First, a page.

This post is related to Kerrie’s meme at Mysteries in Paradise.
July was a slow reading month for me. However, it marked the 25% point in my challenge to read the top 100 crime novels according to the CWA’s 1990 list.
- Pierre Magnan: Death in the Truffle Wood
- P. D. James: Devices and Desires
- Dorothy L. Sayers: Strong Poison
Pierre Magnan, who died earlier this year, was the master of ‘Provencal Gothic’, and Death in the Truffle Wood shows why. His ‘unremarkable’ series cop Laviolette investigates the disappearance of a number of hippies from the town of Banon and uncovers a bubbling pot au feu of sexual obsession, avarice, witchcraft and truffles. Laviolette is an engaging protagonist, but the real heroine of the piece is the lovingly described truffle-hunting sow Roseline. Five stars.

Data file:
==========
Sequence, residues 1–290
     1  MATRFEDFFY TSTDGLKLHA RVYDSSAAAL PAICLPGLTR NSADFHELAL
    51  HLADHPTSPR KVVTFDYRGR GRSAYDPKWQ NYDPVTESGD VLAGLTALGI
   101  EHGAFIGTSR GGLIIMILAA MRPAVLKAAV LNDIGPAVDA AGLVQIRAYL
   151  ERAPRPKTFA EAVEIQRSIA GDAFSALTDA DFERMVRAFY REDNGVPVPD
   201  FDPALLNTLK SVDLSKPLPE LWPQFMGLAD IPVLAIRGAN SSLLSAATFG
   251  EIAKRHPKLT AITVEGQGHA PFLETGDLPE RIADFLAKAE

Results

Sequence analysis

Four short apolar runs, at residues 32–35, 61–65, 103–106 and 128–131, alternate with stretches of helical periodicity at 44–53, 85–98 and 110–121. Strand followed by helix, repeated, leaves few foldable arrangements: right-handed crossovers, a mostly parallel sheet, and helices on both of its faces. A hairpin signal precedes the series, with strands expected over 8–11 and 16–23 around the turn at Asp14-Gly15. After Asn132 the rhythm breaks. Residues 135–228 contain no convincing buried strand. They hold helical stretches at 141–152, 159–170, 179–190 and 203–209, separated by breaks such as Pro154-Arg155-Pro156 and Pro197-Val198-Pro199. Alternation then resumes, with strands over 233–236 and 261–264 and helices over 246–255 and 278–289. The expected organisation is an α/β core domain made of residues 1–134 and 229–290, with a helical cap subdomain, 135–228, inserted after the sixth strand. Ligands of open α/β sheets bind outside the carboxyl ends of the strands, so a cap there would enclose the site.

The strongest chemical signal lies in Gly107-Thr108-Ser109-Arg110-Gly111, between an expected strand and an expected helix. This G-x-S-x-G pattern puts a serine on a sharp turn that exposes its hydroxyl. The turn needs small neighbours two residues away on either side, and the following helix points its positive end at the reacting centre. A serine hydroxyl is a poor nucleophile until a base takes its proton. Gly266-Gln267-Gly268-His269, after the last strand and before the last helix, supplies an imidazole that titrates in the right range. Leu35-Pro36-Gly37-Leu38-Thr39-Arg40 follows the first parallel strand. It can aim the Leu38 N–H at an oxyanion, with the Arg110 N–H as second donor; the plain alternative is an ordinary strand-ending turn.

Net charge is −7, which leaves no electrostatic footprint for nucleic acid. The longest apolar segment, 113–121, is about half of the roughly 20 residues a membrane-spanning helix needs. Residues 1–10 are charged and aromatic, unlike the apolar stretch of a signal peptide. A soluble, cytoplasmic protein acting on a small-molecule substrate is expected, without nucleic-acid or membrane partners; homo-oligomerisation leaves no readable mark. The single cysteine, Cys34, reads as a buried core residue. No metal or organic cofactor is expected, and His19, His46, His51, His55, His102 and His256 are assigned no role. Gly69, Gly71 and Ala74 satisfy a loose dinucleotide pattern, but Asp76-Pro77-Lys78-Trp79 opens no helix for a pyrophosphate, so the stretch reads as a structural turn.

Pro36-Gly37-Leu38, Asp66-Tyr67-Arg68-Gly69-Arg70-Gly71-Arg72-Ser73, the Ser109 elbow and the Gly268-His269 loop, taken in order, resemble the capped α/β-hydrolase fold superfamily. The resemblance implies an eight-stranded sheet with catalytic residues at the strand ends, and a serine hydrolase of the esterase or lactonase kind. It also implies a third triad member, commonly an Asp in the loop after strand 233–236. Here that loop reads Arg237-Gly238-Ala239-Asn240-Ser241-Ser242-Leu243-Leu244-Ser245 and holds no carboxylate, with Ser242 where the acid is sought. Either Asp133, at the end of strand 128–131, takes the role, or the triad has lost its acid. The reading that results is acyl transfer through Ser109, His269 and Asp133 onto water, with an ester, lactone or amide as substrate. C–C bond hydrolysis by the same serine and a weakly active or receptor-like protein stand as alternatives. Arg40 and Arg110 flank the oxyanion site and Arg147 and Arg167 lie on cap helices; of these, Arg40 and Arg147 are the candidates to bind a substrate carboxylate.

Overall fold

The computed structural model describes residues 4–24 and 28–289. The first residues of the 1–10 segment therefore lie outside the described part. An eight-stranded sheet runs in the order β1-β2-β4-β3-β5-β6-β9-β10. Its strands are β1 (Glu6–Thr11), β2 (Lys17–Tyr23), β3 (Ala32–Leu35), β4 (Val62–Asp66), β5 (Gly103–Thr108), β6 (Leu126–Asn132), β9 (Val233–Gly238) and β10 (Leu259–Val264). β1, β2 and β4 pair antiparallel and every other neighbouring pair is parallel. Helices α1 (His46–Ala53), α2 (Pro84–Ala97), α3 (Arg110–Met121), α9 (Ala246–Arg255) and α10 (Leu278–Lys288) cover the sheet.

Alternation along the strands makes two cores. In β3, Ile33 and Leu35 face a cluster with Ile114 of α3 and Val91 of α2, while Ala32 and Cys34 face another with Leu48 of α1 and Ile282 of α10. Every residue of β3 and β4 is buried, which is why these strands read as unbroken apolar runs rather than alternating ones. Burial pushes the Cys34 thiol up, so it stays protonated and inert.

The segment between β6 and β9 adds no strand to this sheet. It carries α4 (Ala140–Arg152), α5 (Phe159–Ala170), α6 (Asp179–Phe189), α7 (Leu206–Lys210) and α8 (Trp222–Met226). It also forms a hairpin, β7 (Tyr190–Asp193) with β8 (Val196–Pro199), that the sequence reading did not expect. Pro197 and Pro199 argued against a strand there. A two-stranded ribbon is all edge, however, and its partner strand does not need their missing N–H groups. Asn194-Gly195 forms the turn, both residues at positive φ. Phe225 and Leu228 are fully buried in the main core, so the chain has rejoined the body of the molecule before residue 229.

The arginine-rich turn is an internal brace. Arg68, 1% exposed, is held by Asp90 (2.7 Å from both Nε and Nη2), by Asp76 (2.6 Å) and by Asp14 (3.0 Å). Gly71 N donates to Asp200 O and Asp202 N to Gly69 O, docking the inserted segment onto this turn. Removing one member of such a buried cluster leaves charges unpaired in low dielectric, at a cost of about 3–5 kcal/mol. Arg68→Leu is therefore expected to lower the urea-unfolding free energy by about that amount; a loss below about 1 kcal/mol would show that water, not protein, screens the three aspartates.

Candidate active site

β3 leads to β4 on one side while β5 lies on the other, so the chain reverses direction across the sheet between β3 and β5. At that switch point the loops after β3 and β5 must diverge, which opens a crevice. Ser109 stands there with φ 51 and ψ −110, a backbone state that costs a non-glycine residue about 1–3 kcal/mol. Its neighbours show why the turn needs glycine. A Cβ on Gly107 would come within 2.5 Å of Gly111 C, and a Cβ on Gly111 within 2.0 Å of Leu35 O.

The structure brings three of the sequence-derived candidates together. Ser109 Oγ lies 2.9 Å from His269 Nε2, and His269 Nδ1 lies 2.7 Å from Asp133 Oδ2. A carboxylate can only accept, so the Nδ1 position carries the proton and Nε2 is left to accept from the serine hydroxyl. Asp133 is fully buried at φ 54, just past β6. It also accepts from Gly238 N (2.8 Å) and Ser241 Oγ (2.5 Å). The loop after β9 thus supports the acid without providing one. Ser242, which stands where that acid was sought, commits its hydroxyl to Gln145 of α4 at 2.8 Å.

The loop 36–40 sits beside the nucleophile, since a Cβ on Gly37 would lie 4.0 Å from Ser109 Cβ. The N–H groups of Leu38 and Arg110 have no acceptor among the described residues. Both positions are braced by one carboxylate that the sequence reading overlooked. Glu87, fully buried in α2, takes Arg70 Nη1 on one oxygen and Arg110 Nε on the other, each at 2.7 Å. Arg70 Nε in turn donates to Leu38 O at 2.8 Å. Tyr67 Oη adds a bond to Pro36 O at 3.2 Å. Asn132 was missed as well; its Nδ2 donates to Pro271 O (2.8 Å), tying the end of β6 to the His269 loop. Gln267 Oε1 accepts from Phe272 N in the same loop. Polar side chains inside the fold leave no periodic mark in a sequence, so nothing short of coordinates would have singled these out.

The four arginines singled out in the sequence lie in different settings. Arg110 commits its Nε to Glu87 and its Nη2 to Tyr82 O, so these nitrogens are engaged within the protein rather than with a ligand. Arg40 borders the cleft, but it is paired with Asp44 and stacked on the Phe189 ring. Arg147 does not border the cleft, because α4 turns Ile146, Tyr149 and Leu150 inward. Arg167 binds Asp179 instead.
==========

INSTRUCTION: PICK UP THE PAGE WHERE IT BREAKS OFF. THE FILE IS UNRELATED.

Strong Poison is a Lord Peter Wimsey novel with Wimsey at his least annoying and a strong cast of supporting characters including the courageous and resourceful Misses Climpson and Murchison. Wimsey is investigating a case with a strong personal interest for him – he has resolved to marry the condemned murderess Harriet Vane and needs to prove her innocence. Curiously for its 1930 publication date, the murderer is revealed early on: the book is 10% whodunit, 80% whydunit and 10% howdunit. Five stars.
Devices and Desires is a P. D. James Adam Dalgliesh novel from the late 80s, with the usual timelessly genteel and grammatical cast of suspects. The Whistler is a serial killer plying his trade on a Norfolk peninsula dominated by an enormous nuclear power station. The remote setting and the lovingly crafted characters make this a memorable book, but I felt it was over-long and that Dalgliesh himself was essentially superfluous. Four stars.
I gave both Magnan and Sayers five stars, but I’m going to choose Magnan as my pick of the month. Sayers doesn’t need the help…